I chose to become group host because the science fiction group seemed to be lacking from any kind of cohesiveness. I figured that if at least one person was committing on others work then that that might inspire others to do the same.

There are quite a number of better stories than my own in the group but thanks for the high praise anyway.

I've had very little reaction to the atheist story line so I'm assuming that most people probably share your view.

The trouble is I cant stop writing about it...


paul53 [for I am he] at 20:39 on 22 February 2005  Report this post
"I can't stop writing about it..."
You lucky devil. Go for it as long as it lasts. I felt like that 13 years ago when a story I was writing began to take over and rush off in unexpected directions, and all I had to do was keep up with it. Nowadays it isn't so much writer's block as my having nothing new to say.

SF is particularly difficult as we have supposedly had its golden age, with most of the "what if" sceneraios already tackled.

The other problem - and this to all in the group - is lack of time to go over the large amount of group material parked in the archive. Having recently entered this group I have been presented with uploaded works many chapters into the story. This is akin to entering a cinema halfway through the film, and while one can still judge certain aspects of the show [style, composition, layout, flow, etc.] one cannot pretend to have been drawn into the ongoing flow as one should.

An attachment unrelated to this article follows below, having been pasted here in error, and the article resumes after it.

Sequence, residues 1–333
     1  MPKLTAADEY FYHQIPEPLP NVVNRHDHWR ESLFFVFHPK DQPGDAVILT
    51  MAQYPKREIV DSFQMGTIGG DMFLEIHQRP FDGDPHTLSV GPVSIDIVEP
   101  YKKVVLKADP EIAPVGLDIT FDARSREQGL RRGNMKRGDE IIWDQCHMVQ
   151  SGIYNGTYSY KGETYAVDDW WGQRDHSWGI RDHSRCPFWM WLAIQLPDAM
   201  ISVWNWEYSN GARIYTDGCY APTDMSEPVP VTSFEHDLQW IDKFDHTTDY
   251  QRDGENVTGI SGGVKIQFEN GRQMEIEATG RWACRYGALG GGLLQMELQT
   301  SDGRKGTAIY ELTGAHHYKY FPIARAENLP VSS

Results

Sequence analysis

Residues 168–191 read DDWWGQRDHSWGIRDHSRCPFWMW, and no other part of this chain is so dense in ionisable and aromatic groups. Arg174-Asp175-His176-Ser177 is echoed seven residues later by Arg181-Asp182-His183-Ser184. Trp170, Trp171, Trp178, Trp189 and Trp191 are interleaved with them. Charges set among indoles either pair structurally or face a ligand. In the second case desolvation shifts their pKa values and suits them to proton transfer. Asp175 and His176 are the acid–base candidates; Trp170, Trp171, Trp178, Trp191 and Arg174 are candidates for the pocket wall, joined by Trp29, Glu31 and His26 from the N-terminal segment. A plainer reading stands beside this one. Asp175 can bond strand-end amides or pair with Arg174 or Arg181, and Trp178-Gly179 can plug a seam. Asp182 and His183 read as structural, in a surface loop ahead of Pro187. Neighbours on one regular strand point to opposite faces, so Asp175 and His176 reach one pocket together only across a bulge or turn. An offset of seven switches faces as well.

I really don't know the best way to approach this [hence no comments left for half the group] and even if I comment on, say, someone's chapter 8, I might just be repeating what someone else said 6 months ago about chapter 2. Perhaps this should be an issue raised in the forum.

Nelly at 19:12 on 24 February 2005  Report this post
Time is a problem that's true. I can’t speak for anyone else but I can say a good place to start would be to simply jump in on any new works from the date that you joined. Picking up new stories along the way and commenting on the merits of individual chapters. Unless of course a particular story grabs your attention sufficiently to read back through earlier chapters.

I've also heard that we have apparently had our golden age but I'm not convinced. The works of Harry Turtledove (World War in the balance) and Peter F. Hamilton ( The Reality Dysfunction) making for good cases for modern Sci Fi.